The assumption made by many is that Traditional Literacy has some form of counterpart in the form of ‘Digital Literacy’. Such thinking places use of, for example, the internet on a continuum stretching neatly back from inventions such as writing on slate, through papyrus, the printing press and mass media (TV, radio, cinema). The danger with this ‘artefactual’ approach when examining new technologies, argues Ursula Franklin, is that ‘[technologies] involve much more than simply passing on and/or adding to written or visual texts or information per se… Rather, they are tied directly to ways of interacting with others… and to ways of being, knowing, learning and doing’ (Lankshear & Knobel, 2006:235). ‘Reading with understanding’ on the internet is not as straightforward as the ‘reading with understanding’ of a book or other printed matter. On the most basic level, unlike with most printed matter, there is no correct way to navigate via hyperlink the myriad websites that make up the digital world. But more than this, there is no barrier to publishing. No barriers means no editorial control. No editorial control means potential equal weight and emphasis given to extreme views, incorrect assertions and illegal acts. Thus access to, and use of, technology becomes a moral issue.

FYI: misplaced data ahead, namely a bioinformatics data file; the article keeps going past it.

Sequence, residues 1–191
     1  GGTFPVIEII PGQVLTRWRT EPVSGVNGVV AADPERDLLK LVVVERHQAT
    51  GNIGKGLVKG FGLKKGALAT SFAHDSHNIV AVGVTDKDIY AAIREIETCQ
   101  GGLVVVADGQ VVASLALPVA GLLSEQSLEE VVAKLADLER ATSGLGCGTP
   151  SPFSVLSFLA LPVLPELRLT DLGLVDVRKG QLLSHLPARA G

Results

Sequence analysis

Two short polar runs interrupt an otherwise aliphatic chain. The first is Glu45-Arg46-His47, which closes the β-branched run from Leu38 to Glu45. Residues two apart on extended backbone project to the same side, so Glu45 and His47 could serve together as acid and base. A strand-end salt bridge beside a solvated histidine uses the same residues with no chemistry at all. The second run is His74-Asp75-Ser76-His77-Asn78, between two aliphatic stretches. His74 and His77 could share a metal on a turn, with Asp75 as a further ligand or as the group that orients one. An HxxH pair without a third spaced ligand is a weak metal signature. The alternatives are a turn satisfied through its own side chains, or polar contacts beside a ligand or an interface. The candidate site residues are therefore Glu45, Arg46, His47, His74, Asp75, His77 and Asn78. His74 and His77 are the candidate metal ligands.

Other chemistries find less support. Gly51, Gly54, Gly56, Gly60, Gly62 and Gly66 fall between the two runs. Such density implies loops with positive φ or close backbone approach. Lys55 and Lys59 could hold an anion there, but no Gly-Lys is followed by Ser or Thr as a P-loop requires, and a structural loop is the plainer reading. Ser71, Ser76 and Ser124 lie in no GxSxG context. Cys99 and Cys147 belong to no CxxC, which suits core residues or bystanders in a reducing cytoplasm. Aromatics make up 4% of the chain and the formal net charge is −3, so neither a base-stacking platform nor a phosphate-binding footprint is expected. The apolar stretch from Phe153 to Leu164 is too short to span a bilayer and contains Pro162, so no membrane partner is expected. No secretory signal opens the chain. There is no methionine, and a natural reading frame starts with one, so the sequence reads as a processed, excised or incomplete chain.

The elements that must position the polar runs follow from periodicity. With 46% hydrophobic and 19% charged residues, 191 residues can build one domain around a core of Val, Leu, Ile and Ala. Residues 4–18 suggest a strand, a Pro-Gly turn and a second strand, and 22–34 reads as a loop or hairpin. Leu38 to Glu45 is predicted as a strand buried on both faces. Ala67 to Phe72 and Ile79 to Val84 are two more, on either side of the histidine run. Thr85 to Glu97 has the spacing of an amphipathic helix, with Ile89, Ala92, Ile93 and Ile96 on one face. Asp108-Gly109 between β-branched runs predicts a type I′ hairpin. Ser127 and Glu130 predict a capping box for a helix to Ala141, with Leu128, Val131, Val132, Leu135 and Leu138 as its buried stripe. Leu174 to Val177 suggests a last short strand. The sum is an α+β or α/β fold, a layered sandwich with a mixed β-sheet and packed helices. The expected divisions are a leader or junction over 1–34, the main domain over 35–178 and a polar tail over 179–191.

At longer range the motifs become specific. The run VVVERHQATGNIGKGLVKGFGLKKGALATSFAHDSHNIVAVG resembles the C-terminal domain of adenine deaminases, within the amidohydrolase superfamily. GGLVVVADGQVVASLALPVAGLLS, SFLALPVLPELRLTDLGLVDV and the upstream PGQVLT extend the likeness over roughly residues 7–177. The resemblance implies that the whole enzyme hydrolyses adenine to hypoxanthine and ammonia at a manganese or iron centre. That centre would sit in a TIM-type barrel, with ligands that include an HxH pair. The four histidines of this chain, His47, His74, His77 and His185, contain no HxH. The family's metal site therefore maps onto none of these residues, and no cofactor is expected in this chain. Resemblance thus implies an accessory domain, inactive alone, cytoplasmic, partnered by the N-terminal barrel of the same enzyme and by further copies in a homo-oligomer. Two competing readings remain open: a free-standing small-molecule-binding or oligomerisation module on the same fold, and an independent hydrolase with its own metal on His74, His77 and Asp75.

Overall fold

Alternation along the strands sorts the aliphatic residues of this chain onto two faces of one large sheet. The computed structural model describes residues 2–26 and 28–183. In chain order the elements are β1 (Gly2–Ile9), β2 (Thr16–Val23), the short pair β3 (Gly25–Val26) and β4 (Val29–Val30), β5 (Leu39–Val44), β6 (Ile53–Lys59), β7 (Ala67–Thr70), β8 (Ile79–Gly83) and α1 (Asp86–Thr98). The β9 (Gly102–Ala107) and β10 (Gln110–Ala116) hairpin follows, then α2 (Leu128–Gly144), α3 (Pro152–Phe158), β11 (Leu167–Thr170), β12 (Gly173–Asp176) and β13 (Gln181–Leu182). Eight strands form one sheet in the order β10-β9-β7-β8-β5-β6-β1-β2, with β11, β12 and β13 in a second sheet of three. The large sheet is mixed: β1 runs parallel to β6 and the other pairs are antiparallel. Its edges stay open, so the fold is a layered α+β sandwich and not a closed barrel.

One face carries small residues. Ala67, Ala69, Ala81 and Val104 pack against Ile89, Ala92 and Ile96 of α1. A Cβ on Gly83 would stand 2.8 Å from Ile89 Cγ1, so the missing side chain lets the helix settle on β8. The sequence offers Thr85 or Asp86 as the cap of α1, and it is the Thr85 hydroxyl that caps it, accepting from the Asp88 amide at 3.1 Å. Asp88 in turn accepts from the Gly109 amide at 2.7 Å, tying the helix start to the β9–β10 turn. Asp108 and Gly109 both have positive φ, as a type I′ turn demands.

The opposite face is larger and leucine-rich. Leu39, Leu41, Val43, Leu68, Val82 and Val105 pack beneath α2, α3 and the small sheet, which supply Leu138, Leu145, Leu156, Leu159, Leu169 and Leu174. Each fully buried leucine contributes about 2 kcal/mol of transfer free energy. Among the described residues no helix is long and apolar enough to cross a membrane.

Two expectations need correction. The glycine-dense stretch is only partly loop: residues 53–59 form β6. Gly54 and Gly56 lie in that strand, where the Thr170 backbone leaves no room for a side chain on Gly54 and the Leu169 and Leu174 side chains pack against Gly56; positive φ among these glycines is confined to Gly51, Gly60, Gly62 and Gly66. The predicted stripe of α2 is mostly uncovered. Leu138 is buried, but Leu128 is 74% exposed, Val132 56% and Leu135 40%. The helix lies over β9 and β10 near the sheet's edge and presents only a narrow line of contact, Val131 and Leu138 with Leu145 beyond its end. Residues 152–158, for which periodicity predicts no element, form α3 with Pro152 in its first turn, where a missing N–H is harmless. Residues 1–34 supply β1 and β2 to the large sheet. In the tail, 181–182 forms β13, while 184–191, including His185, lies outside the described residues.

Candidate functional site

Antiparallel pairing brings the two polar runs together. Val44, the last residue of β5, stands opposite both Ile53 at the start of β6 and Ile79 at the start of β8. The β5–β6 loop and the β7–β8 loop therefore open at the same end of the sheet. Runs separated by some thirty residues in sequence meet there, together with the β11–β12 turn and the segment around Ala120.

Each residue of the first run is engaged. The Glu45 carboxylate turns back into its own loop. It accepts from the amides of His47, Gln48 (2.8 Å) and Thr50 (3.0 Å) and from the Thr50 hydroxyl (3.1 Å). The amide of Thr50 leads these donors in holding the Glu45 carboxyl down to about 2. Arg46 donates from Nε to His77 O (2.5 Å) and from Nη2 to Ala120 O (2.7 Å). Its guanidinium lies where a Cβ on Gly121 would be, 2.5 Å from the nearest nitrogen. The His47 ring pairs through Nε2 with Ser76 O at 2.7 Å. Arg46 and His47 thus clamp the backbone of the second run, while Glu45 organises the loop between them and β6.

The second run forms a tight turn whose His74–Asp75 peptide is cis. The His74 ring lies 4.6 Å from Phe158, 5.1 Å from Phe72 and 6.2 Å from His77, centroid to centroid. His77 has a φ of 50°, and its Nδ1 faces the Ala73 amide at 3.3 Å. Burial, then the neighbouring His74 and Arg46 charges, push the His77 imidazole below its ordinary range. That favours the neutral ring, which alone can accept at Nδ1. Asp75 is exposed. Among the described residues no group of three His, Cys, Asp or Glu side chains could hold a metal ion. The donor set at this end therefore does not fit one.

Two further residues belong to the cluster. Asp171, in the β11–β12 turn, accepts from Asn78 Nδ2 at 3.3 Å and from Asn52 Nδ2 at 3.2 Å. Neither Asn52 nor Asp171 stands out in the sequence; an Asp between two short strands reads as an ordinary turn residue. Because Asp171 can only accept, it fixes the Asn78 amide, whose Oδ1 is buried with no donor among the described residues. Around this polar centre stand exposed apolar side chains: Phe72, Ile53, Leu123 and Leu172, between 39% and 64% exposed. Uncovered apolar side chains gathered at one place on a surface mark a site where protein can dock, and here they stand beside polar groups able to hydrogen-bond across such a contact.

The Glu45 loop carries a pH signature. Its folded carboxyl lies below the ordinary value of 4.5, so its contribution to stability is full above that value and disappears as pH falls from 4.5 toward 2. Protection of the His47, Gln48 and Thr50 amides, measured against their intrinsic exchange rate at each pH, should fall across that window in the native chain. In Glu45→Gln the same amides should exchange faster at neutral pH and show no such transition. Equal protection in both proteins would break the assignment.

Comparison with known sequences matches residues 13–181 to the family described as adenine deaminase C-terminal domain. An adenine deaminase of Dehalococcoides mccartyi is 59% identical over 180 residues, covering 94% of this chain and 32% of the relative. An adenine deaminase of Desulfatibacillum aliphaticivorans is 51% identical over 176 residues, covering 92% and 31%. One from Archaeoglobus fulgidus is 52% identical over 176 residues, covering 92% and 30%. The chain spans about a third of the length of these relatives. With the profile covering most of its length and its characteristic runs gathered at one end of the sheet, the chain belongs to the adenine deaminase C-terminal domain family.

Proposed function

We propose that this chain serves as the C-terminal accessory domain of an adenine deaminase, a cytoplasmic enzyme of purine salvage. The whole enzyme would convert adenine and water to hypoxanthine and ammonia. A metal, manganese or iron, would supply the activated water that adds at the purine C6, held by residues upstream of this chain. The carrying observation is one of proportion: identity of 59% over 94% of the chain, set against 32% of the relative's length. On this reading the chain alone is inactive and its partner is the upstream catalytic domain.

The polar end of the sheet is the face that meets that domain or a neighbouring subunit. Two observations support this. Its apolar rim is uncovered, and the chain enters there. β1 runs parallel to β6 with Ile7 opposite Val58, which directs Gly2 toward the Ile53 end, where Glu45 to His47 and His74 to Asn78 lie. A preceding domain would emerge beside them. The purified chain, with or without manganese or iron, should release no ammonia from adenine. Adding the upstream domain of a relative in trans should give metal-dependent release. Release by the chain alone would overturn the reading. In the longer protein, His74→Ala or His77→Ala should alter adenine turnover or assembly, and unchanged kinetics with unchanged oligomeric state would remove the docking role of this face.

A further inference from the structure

Given this and other ‘problems’, theorists have attempted to incorporate extra elements within literacy in an attempt to answer or avoid them. For example, Martin (2005) conceives of ‘Digital Literacy’ as including ‘the ability to plan, execute and evaluate digital actions in the solution of life tasks’ (quoted in Erstad, 2008:50) – something without parallel in conceptions of Traditional Literacy. Martin also adds ‘the ability to reflect on one’s own digital literacy development’ (ibid.) as being an important aspect of Digital Literacy, propelling the term into a level much higher than mere ‘competence’. The heart of the tension is whether or not the technologies involved are ‘transformative’ in their bearing on literacy. A difficulty arises, however, as improvements in technology mean that the goalposts are continually shifting and thus altering social practices. This is an important point raised by Graham 1999:25-6) who wonders at what point something (such as the internet) that extends literacy practices can count at transformative. There must be some revolutionary, transformative technologies, otherwise everything from the invention of the wheel would be an ‘extension’ of existing technologies and social practices. Those who support this ‘revolutionary’ view, such as Taylor & Ward (1999:xvii) believe that because ‘computer networks… improve communicative interaction among students, teachers, and even texts’ then sociocultural practices are altered. It is these changes in sociocultural practices that result in a new form of literacy being required.